Rapper Prodigy of the Infamous Mobb Deep died in Las Vegas on June 20, 2017. He would have turned 46 years old today had he not succumbed to a lifelong battle with sickle cell anemia, which was well-documented in P’s rhyme catalog of pain, pomp and circumstance.
We remember P on this day because when the Queens MC passed, the Hip-Hop world lost another titan, He was the second Queens-affiliated rap god to pass during that time. following A Tribe Called Quest OG Phife Dawg.
When he transitioned, Prodigy was in Vegas doing what he does best; performing with the Art of Rap tour alongside fellow legendary rap gods Ghostface Killah, Onyx, KRS-One and Ice-T to name a few. Mobb Deep performed that Saturday night.
Little did we know it would be Prodigy’s last time gracing the world stage with his undeniable star power, deep and forceful voice, obnoxiously-conceited demeanor and street flavor. He had just rocked the Summer Jam stage that June 11 in New Jersey. He was still that dude. Just an OG now and an undisputed King in this highly competitive and cutthroat rap sh*t.
Prodigy painted vivid lyrical pictures of his struggles with sickle cell anemia ever since he was a child. The ghetto rap assassin who was the word-wilding co-pilot of the legendary group, along with his partner Havoc, overcame a first album flop, the wicked and violent projects, the vultures of New York City and the lure of drugs, women, fame and fortune to carve out a three-decade career in the constantly revolving door known as Hip-Hop culture.
These cats grew up in the game. They went through it all. P tells you in “Quiet Storm.”
Music Video for Quiet Storm by Mobb Deep JOIN HNIC2.COM NOW!!!
The brave-hearted duo rose to mythical heights as trendsetters of the East Coast’s version of gangsta rap presented in a package of gritty, dark, eloquent, powerful and masterfully musical mental illustrations.
As the landscape of Hip-Hop changed, Mobb Deep was a constant, if not in album presence, then in revered status. And their music never left the clubs, regardless of the era or the taste buds of millennials.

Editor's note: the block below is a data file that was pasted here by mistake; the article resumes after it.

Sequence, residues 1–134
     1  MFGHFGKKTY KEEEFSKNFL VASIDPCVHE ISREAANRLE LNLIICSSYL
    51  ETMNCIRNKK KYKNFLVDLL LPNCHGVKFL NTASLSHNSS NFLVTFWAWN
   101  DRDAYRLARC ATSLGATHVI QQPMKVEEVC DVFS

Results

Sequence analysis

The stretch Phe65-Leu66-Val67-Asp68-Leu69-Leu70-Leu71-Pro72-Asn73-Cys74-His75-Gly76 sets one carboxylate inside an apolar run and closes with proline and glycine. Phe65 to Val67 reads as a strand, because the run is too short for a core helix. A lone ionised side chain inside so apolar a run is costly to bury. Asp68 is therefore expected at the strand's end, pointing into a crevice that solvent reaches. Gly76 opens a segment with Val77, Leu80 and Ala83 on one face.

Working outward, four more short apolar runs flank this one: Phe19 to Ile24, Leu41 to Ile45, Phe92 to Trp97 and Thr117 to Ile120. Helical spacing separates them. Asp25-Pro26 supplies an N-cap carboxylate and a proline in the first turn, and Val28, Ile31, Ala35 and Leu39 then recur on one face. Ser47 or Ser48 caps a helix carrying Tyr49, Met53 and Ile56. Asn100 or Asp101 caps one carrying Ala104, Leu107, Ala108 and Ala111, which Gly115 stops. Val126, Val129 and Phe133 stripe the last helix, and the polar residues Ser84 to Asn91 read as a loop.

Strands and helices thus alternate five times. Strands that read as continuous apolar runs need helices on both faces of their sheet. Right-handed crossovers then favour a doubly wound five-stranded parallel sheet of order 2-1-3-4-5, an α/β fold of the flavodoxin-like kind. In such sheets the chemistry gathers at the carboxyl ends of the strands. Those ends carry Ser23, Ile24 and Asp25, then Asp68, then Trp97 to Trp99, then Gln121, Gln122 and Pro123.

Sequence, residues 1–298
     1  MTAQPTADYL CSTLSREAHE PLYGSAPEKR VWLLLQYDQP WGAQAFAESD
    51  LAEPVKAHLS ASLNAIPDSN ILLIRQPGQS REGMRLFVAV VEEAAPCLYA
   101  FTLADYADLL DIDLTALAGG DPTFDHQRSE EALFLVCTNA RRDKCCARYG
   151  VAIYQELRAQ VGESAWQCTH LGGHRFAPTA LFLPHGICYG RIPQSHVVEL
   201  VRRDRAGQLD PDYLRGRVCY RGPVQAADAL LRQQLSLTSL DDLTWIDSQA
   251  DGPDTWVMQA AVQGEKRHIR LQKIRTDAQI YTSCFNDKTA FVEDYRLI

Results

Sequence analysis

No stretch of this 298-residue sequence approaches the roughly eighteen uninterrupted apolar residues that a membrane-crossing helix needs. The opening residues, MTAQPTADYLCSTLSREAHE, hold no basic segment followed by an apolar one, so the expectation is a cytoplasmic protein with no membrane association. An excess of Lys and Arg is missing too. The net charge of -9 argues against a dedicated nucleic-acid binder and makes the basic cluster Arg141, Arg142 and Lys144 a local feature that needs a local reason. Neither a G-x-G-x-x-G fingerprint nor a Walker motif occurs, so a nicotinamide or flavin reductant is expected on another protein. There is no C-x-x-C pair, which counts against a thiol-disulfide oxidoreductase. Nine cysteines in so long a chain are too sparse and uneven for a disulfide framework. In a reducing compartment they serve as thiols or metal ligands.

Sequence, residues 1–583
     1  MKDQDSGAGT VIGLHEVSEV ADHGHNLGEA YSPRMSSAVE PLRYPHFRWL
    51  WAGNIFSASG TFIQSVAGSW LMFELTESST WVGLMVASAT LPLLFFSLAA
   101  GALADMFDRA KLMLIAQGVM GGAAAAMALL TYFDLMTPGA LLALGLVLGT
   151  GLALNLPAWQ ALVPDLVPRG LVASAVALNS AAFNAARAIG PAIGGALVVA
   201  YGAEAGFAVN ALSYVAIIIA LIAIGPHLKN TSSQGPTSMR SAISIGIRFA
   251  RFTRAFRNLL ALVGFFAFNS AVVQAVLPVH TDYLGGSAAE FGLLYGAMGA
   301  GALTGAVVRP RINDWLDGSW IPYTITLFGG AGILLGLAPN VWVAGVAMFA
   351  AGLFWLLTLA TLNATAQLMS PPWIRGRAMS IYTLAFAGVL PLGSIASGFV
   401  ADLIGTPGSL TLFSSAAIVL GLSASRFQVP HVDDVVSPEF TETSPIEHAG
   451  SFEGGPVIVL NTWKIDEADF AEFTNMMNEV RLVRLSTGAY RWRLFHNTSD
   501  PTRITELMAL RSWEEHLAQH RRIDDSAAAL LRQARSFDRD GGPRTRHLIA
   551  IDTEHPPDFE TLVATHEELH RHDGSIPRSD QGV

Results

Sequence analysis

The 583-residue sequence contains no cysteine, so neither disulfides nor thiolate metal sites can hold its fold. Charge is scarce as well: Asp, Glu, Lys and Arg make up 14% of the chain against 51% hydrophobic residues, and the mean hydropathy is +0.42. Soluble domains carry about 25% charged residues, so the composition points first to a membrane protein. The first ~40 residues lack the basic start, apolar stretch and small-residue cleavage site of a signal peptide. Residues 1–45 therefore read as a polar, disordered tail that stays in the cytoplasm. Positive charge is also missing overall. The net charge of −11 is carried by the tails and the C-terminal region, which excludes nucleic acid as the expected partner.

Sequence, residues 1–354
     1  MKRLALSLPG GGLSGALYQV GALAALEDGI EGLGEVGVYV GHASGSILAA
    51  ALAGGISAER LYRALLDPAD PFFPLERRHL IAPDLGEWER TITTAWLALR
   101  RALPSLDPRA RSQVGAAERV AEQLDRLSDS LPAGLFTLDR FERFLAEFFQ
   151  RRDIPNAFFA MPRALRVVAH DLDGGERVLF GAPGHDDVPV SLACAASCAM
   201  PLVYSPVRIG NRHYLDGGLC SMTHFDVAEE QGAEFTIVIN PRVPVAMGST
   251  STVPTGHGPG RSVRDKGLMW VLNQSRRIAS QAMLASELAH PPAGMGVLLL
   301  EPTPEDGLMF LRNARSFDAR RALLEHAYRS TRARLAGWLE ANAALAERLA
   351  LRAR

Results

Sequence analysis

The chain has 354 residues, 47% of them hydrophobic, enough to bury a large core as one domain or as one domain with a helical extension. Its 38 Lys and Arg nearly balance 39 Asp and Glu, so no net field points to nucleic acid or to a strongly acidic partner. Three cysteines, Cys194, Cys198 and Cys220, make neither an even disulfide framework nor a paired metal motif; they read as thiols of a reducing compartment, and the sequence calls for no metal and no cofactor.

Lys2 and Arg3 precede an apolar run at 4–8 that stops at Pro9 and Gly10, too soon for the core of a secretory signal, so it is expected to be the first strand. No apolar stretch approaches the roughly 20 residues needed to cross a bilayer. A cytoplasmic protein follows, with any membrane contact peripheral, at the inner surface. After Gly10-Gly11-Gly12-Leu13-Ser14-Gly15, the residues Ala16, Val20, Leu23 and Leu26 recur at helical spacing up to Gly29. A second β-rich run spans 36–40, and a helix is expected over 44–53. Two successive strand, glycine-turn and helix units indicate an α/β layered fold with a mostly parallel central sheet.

A four-year prison sentence on a gun charge couldn’t even stop Prodigy. He wasn’t built for taking losses, so he came back strong as ever, but there was one hurdle his musical talent couldn’t overcome. The disease that hovered over his life like a dark, painful cloud, allowing him just a few moments of sunshine. Just enough time to build a musical dynasty and make an impact on the entertainment world that will not soon be forgotten.
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When I think of Mobb Deep, I think of my high school years and pounding that city pavement. New York was like a maze back then, and you had to try to succeed and aim high while avoiding stickup kids, carjackers, jealous heat-holders, set-up girls, project wars, police and dirty detectives.
Of course, you think of Queensbridge, the Housing Projects that birthed a culture of rap phenomenons including Mc Shan and Nas.
via YouTube Capture
It was also the breeding ground for the experiences that Prodigy, who was from nearby Hempstead, Long Island, would make come to life for his audience with his unique way of using words and his aggressive, violent, yet thug intellectual approach.
To this day, when “Shook Ones” drops in a club, someone inevitably spazzes out off Havoc’s beats and Prodigy’s words, and the raw, real energy that is emitted when these MCs stepped into an arena, stage or street corner. It was the hit that put them on the map and their most memorable anthem, even featured in the final battle scene in 8 Mile, the cult-classic Detroit rap battle film starring a young Eminem.
You can find the original beats used in this battle here : http://www.youtube.com/watch?v=cP0wsET8__Y (Mobb Deep – Shook Ones part. II) The Final Battle of the 8 Mile movie between Eminem and Papa Doc, now available in HD! All credits goes to Eminem and the movie 8 Mile, I don’t own any rights on this video.
Once they figured out the formula for making hits, Mobb Deep never stopped, and they were able to maintain their dignity, respect and high standing in the game by refusing to compromise their rugged musical personality in order to sell records or fit into a rap game that was going more commercial by the day.
They had more beef than a slaughterhouse, did solo projects, had public disputes, lost friends to gun violence and tragic car accidents, and even went blow for blow with Tupac back in the knockin’ ’90s.
http://VladTV.com – The legendary Mobb Deep rapper explained how his beef with Tupac and Death Row began. P also revealed his reaction to “Hit ’em Up.
In this age of romper room rap in a watered-down Hip-Hop culture, Mobb Deep still gets worldwide respect for delivering a tailor-made, household sound that will reverberate for decades to come, with endless Hip-Hop Quotables from a monster and Godfather in the game.